F.D.A. Details Its Food Safety Campaign

Source of Article:  http://www.nytimes.com/2008/12/01/us/01fda.html?ref=us


Published: November 30, 2008

After years of being criticized for its response to food-sickness outbreaks and contaminated imports, the Food and Drug Administration is stepping up efforts to convince the public and skeptical lawmakers that it is making progress in overhauling the nation’s food defenses.

The agency will release a report Monday that summarizes what officials call a “hugely ambitious” campaign to reshape its food inspection arm to root out safety hazards through things like sophisticated software and certifiers from the private sector.

“The goal is to radically redesign the process,” said Dr. David Acheson, the agency’s associate commissioner for foods. For imported food, for instance, that means trying to detect tainted products during the production process rather than waiting until they enter the country.

“We cannot simply rely on picking the ball up at the point of entry,” Dr. Acheson said.

The changes were first outlined in the agency’s Food Protection Plan, which was released in November 2007. In June, the agency was criticized by the Government Accountability Office for failing to provide details on the costs or specific strategies for carrying out the plan. Some lawmakers have repeatedly called the agency’s food protection efforts inadequate.

But in the agency’s report, a copy of which was provided to The New York Times, and in an interview with Dr. Acheson, the F.D.A. maintains that its overhaul is well under way.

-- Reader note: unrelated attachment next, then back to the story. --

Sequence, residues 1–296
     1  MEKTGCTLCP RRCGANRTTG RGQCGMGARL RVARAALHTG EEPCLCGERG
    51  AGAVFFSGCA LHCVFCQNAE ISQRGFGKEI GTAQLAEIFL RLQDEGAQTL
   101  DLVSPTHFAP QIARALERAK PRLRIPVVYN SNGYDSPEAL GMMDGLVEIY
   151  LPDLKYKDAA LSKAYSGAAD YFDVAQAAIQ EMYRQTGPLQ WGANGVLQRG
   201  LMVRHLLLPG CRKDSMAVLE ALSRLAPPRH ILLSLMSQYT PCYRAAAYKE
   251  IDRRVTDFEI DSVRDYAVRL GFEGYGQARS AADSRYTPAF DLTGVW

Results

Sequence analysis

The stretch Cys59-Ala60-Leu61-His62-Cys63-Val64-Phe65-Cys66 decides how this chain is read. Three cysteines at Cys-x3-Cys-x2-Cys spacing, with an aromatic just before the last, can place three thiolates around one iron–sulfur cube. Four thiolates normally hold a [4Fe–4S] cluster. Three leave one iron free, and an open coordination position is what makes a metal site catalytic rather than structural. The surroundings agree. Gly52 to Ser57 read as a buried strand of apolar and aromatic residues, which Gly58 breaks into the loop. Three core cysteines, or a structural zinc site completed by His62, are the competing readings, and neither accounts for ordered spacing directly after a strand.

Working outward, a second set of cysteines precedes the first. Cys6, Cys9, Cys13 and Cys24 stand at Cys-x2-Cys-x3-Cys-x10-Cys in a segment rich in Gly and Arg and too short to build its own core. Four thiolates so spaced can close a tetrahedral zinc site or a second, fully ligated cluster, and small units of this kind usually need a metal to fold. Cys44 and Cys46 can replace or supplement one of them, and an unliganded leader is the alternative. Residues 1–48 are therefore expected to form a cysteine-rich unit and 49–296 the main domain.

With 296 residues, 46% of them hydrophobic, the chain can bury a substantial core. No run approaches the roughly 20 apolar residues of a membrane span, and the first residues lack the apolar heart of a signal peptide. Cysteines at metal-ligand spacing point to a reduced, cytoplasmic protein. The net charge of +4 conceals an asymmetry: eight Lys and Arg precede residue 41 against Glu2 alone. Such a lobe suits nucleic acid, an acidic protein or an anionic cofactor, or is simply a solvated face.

For instance, the agency is hiring at least 130 employees to conduct inspections and collect samples. It has approved the use of irradiation for iceberg lettuce and spinach to reduce the risk from pathogens like E. coli O157:H7 and salmonella, and it is opening offices in other countries to improve the monitoring of food exported to the United States.

The first office opened in Beijing in mid-November, and more are planned in Europe, India, Latin America and the Middle East.

Dr. Acheson acknowledged that the agency did not have enough money to put in place all its plans. Some critics have expressed skepticism about the agency’s commitment to an overhaul and are calling for more drastic changes when the Obama administration takes over in January.

“I’ve tried to be open about when they come in and say they are doing this and doing that,” said Representative Rosa DeLauro, Democrat of Connecticut. “But at every step, they fail on just such a large scale.”

Ms. DeLauro said the agency’s recent reaction to the discovery of the toxic chemical melamine in infant formula was evidence of its continued dysfunction. This fall, the agency said that any amount of melamine in infant formula might be harmful. But the agency then said that trace amounts of melamine were acceptable after they were found in formula made in the United States.

“It’s got to be so totally redone,” Ms. DeLauro said of the agency. “It needs resources; it needs better management; it needs less influence from the industry and more influence on the science.”

In addition to regulating drugs and medical devices, the agency oversees about 80 percent of the nation’s food supply, which includes keeping tabs on tens of thousands of manufacturers in the United States and abroad.

Given the cost and logistics of inspecting each company, the agency is shifting toward a more risk-based approach that would use vast quantities of data to pinpoint areas of risk and deploy resources accordingly. The offices overseas will try to build relationships with foreign regulators and develop information on foreign manufacturers.

For instance, the agency hopes that companies will hire reliable third-party auditors to inspect facilities because it does not have the personnel to do so. In exchange, companies would be cleared to import their products to the United States with less chance of inspection or bureaucratic roadblocks.

In addition, the agency is hoping to deploy a sophisticated screening program, used successfully on seafood, to better identify high-risk foods at the border.



Main Page

setstats            Copyright (C) All rights reserved under FoodHACCP.com

            If you have any comments, please send your email to info@foodhaccp.com